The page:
READY TO ROLL

There was only one component I changed after buying the AWOL; the saddle, and that was for a Brooks Cambium C17 (which has been amazing). Other than that, the bike is ready for adventure out of the box. The Deluxe version in the UK even comes complete with Tubus racks and mudguards.

I initially thought about upgrading a few components - shifters, derailleur, possibly crankset - but then I (and my bank balance) decided not to. There’s no point spending extra money on a slightly lighter derailleur for the unexpected to happen. When touring, if it works, it works. That’s all that matters.

DISC BRAKES

This is the first bike I’ve owned with discs and there’s no going back. The stopping power is incredible - fully loaded, in the pouring rain, over gravel, descending mountains - no problem.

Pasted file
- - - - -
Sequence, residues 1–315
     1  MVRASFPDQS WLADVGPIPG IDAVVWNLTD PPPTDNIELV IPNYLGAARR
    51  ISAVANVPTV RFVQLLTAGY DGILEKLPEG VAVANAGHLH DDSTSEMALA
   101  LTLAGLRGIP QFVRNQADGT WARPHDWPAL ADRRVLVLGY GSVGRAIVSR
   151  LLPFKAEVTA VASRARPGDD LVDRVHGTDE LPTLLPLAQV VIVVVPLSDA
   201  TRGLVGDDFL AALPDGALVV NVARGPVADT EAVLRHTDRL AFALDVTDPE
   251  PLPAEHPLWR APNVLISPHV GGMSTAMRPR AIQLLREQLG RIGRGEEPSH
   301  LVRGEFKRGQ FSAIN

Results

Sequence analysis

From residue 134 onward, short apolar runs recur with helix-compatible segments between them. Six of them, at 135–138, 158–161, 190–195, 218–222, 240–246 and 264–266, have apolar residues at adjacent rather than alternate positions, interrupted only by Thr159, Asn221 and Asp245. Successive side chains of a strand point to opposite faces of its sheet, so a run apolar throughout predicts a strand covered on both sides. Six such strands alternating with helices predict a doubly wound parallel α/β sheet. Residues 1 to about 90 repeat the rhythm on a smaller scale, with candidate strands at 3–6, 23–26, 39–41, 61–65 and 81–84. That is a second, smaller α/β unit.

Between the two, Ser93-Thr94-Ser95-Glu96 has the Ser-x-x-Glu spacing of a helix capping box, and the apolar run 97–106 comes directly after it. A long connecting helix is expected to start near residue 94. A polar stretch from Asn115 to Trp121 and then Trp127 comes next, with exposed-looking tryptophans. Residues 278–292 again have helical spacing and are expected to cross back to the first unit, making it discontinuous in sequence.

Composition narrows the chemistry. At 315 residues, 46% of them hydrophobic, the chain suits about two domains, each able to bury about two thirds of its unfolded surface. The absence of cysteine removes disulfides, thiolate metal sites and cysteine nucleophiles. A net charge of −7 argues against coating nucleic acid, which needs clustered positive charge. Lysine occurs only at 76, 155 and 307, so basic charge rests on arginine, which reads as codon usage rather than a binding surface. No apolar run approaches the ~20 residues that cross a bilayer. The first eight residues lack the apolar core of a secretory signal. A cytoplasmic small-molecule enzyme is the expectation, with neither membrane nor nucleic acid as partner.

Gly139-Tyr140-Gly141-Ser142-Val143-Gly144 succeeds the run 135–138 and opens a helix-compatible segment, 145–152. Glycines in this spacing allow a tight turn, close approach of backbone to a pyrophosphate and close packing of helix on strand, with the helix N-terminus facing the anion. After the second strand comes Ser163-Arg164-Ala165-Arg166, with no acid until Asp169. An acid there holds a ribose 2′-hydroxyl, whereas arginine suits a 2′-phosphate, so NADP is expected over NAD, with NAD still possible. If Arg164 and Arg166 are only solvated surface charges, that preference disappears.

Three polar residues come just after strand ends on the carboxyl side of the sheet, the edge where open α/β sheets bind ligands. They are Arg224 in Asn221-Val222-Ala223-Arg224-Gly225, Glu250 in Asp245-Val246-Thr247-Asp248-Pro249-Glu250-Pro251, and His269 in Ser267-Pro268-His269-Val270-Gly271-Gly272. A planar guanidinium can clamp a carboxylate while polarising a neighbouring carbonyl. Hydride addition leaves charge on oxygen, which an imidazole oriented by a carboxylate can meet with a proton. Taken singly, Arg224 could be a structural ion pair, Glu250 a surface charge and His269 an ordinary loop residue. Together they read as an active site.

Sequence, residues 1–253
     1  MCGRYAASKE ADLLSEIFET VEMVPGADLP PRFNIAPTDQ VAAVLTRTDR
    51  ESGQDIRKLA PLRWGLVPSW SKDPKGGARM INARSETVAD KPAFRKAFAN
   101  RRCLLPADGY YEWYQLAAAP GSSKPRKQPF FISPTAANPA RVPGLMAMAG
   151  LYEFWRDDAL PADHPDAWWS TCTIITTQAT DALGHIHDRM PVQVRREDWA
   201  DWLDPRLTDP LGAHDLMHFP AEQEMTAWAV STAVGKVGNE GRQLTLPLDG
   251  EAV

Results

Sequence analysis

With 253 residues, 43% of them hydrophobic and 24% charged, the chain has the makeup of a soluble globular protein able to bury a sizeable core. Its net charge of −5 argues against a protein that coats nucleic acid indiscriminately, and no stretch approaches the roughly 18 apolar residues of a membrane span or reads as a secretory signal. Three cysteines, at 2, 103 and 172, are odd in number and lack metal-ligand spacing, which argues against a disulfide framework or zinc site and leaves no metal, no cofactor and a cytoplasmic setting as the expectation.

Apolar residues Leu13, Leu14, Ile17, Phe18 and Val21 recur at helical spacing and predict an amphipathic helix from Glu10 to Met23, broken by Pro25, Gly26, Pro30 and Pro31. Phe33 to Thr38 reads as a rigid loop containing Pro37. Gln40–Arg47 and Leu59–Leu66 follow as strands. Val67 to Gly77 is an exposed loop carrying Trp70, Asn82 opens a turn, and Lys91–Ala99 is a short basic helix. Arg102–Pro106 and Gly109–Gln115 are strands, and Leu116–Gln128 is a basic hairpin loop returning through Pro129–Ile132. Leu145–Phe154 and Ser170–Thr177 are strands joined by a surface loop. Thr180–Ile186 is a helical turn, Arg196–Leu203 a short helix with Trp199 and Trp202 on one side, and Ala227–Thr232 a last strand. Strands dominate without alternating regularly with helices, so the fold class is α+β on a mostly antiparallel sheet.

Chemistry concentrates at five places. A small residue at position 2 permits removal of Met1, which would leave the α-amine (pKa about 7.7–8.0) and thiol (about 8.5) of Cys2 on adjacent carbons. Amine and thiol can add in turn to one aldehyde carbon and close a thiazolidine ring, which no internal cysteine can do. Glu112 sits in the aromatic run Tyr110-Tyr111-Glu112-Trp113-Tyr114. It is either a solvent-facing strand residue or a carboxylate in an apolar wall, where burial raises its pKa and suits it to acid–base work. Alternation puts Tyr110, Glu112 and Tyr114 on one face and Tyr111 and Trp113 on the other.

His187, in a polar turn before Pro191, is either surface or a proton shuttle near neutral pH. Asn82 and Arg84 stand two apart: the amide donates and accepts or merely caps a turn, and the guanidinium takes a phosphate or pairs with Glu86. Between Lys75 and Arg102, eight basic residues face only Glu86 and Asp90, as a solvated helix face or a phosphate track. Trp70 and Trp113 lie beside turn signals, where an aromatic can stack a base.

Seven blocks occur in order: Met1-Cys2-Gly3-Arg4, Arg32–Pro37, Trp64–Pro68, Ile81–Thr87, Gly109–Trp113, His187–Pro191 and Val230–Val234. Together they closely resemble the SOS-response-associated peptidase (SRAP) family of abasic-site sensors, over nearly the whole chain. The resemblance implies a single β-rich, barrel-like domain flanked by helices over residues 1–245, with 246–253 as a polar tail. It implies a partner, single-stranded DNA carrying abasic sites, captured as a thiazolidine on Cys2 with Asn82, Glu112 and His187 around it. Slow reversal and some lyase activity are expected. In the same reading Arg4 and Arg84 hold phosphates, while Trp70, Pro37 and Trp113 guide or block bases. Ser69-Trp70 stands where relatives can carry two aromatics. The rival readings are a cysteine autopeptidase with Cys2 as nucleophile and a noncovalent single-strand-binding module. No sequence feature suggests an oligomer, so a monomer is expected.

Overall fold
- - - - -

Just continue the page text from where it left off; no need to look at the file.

FAT TYRES

Dave (of The 5th Floor) asked me I’d be riding much gravel on my trip, I answered no. Wrong. Miles and miles of it. From random back roads (thanks Google), rails to trails and highway shoulders - gravel. But the 42c tyres handled it all. I was concerned they would compromise rolling speed but at 90-100psi they fly.

GEOMETRY

I like to do my research before buying anything. Probably too much if I’m honest. There weren’t any reviews of the AWOL but there was a lot of discussion about the geometry. I don’t pretend to know a lot about this topic but it sparked a lot of debate. All I know is, it’s comfortable. I’ve ridden this bike 7 hours a day for 70 days and not once had a sore neck, knee or back.

VERSATILITY